Kori Cheverie, an assistant coach for the Canada national women’s team, will step behind the Pittsburgh bench as a guest coach in 2022-23.
Cheverie will work with the Penguins staff as part of the NHL Coaches’ Association Guest Coach Program, the team announced Friday.
She will join the coaching staff during development camp, training camp and at points during the regular season. Development camp begins today with on-ice sessions at 1 p.m. ET.
Last summer, Cheverie participated in the Arizona Coyotes’ diverse coaches internship program, which has led to full-time NHL jobs in the past. Nathaniel Brooks, who joined in 2021, is now the Coyotes’ skill development coach.
Cheverie, who played in the Canadian Women’s Hockey League from 2010 to 2016, served as an associate head coach in the Professional Women’s Hockey Players’ Association for the Team Harvey’s last season.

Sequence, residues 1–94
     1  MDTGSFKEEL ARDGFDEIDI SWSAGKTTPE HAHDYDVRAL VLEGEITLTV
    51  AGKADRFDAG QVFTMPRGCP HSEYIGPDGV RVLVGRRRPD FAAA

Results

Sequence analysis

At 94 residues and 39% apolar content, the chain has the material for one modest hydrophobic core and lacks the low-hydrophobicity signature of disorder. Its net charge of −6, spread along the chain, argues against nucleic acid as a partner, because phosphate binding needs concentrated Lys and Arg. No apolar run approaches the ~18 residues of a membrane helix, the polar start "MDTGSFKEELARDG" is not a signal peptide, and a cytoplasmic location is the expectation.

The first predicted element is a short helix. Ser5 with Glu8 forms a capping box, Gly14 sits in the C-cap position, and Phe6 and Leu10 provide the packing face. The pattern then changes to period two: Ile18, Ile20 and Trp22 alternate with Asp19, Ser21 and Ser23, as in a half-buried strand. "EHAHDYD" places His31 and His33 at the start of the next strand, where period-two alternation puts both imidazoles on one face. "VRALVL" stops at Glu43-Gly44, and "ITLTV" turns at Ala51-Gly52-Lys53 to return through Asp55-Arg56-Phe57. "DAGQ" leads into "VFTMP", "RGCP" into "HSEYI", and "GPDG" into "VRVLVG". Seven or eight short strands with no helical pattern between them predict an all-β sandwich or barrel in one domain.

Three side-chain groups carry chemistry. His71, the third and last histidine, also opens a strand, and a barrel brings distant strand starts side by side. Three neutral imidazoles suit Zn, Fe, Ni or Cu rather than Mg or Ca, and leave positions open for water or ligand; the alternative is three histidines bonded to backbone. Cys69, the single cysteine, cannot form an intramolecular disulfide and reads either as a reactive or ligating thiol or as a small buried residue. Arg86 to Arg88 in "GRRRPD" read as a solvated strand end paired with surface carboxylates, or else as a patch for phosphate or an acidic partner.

Under her leadership, Team Harvey’s came from behind in the championship final to secure a PWHPA championship in March.
Cheverie has also worked as an assistant coach for Hockey Canada since 2020. She was on the staff roster when the Canadian National Women’s Team gold medal-winning game at the 2022 Beijing Olympics, although she could not be present in person to a positive COVID-19 diagnosis.
Additionally, Cheverie has worked as assistant coach for three consecutive IIHF World Championships, where the Canadian women’s team won gold medals in 2021 and 2022.
Also in 2022, she was the first woman to coach a national Canadian men’s team as an assistant coach at the World U-18 juniors.
That wasn’t the first time Cheverie has made history in men’s hockey. She also became the first woman behind the bench of a Canadian varsity men’s hockey team when she worked as an assistant coach at Ryerson University, since renamed Toronto Metropolitan University, from 2016 to 2021.
Now that the PWHPA is set to dissolve in order to form a new women’s hockey league in January, this program could serve as a stepping stone in Cheverie’s career. The Coyotes, who Cheverie worked with last summer, and the Washington Capitals, who hired Minnesota Duluth assistant coach Laura Schuler as a guest coach last season, both referred to these coaching programs as opportunities for professional advancement.